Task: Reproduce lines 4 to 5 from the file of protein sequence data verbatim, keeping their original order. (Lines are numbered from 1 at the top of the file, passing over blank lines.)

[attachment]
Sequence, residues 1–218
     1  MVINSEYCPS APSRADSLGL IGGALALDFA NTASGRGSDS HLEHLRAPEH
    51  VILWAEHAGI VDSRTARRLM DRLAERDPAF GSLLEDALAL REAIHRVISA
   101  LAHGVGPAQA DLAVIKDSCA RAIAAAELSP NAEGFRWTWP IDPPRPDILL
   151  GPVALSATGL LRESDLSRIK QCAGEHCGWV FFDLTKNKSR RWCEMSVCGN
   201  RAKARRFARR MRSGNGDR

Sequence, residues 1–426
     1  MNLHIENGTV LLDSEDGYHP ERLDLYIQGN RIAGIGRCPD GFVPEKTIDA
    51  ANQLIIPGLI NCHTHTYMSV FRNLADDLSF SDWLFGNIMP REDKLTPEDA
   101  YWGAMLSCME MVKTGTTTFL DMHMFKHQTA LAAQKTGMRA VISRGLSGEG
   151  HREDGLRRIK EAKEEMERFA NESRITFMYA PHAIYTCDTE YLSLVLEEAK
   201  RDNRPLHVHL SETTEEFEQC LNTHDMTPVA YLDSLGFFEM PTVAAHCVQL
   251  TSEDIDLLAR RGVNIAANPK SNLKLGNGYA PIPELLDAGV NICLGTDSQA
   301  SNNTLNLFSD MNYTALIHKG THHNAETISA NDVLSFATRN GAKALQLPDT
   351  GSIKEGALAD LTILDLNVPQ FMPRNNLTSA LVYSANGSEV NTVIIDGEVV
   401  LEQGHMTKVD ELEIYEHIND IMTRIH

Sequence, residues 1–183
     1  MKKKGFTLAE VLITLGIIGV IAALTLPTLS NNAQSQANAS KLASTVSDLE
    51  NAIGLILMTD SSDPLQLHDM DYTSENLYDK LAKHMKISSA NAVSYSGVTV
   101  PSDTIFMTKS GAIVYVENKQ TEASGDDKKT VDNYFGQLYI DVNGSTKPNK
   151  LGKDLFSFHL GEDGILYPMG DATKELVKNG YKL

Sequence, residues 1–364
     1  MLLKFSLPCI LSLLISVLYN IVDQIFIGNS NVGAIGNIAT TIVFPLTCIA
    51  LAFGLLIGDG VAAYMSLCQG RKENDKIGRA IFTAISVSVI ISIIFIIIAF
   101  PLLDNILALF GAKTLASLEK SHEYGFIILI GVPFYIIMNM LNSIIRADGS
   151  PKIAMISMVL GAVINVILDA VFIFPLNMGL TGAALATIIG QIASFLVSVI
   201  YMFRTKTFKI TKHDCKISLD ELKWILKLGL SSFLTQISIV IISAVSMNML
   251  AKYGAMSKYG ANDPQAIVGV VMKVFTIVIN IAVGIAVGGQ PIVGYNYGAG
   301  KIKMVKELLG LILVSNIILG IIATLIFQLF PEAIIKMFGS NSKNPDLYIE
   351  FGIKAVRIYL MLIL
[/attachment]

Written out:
   101  LAHGVGPAQA DLAVIKDSCA RAIAAAELSP NAEGFRWTWP IDPPRPDILL
   151  GPVALSATGL LRESDLSRIK QCAGEHCGWV FFDLTKNKSR RWCEMSVCGN